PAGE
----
What is B.E. Or BioEngineered? And What Does It Mean For Our Food?
Over the past 20 years consumers have been waging a war on GMO foods, and winning. I say consumers are winning because the USDA is working on a proposed food labeling rule that is supposed to make things clearer to the public, and easier to understand. But, as you will discover, may only be making things more confusing. The finalized rule, when released, will hopefully be a bit clearer and less confusing than the current proposed rule.
The proposed rule wants to replace current terms GMO, GM, GE, non-GMO, genetically modified and genetically engineered with a new “more nuetral” term BE and bioengineered. This term change is allegedly due to, as some companies who oppose GMO labeling put it, the current terms “unfairly demonize” biotech companies.
Despite the argument that GM/BE foods are safe, as science allegedly hasn’t found proof that it’s any more harmful than conventional food is, there are flaws in the argument:
- Are we looking at approved science or true science? There are cases that show how approved science beats true science through cover-ups and ridicule. In most cases, approved science is science that backs pre-determined results and alters results to show the pre-determinations. Approved science is largely bought and paid for.
- Has it been long enough, with continual generations, consuming GM/BE foods to accurately determine the safety?
- If GM/BE is so safe, why are there Big Food and Big Agriculture companies that are so strongly opposed to labeling their products as GM/BE and allowing consumers to know what’s in our food?
The proposed rule is an attempt to define what a bioengineered food is and when it has to be labeled. Though some commenters suggest, as the rule stands, it covers far less than the current GMO laws. The USDA is hoping to use this rule as a federal guideline to replace the state-by-state patchwork, so hopefully the finalized rule comes closer to current GMO standards. Under the current proposed rule some companies are exempt from labeling, such as small manufacturers and products that only contain some GM/BE ingredients. It’s been stated that under the current proposed rule, only gene-splicing technology (such as CRISPR) is being targeted; which is significantly less coverage than current GMO standards. Under current standards, such as by the Non-GMO Project, any product that has been altered in any way is considered to be GMO; not just gene-splicing.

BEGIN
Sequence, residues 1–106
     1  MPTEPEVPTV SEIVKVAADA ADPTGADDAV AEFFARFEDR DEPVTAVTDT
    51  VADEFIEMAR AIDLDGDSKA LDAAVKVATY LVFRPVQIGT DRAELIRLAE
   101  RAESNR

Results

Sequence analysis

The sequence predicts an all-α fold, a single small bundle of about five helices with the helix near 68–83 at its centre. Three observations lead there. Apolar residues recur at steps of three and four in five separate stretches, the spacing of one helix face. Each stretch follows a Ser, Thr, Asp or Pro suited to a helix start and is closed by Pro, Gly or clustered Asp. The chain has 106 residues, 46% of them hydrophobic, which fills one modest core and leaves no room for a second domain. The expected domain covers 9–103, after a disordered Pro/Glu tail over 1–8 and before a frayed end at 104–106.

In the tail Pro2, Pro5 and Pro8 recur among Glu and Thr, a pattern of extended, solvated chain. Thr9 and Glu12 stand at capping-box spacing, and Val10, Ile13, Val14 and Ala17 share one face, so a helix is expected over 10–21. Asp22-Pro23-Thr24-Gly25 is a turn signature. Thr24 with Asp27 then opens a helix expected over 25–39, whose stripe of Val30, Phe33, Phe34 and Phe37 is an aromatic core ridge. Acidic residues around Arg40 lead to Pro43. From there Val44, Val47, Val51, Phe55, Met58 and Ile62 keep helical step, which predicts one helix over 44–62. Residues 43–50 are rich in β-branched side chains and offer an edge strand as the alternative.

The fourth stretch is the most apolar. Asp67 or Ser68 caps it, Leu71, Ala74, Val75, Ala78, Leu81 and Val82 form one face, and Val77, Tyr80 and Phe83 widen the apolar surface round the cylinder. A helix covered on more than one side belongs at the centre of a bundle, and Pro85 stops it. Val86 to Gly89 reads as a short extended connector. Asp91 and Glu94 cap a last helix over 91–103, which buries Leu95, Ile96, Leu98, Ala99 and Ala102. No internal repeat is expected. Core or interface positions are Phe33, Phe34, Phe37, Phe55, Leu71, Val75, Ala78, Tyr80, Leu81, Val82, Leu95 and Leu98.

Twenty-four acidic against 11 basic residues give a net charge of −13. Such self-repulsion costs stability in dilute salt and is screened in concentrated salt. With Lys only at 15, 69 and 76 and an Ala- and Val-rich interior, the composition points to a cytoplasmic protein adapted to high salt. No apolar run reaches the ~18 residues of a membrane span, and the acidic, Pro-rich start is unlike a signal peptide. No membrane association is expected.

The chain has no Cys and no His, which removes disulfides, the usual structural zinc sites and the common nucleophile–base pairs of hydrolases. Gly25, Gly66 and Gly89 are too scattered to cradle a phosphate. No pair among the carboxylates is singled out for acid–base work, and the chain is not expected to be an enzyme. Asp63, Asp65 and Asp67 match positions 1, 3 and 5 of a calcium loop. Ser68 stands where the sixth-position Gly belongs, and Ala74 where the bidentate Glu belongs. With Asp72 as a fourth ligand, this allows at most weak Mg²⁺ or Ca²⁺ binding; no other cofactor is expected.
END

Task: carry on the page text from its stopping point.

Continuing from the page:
If that’s not bad enough, look at the proposed logos:
Smiling at me or not, as far as I’m concerned BE is still GMO and I will not purchase BE products.
“I mean, they look like a little smiley face,” says George Kimbrell, the legal director for the Center for Food Safety, which has pushed for labeling. “They’re very pro-biotech, cartoonishly so, and to that extent are, you know, not just imparting information but instead are essentially propaganda for the industry.”
These proposed logos appear friendly and are completely misleading about the biotech industry and how GM/BE foods are produced. Should these logos be viewed as USDA created pro-biotech propaganda?
Aside from these rediculous logos, the USDA is also suggesting use of QR codes on the label instead of a logo. Can you picture yourself scanning every product in the store to see if it’s GM/BE or not? That would take forever!
The reason behind this suggestion? The USDA claims that a study found use of QR codes didn’t stop 85% of consumers from purchasing a GM product. They failed to mention:
- Most consumers don’t want to be bothered scanning every product just to see if it’s safe or not. Especially in a rush.
- You need a smartphone to scan such codes. Which most seniors don’t utilize.
- Most consumers, particularly the elderly, have trouble with QR codes.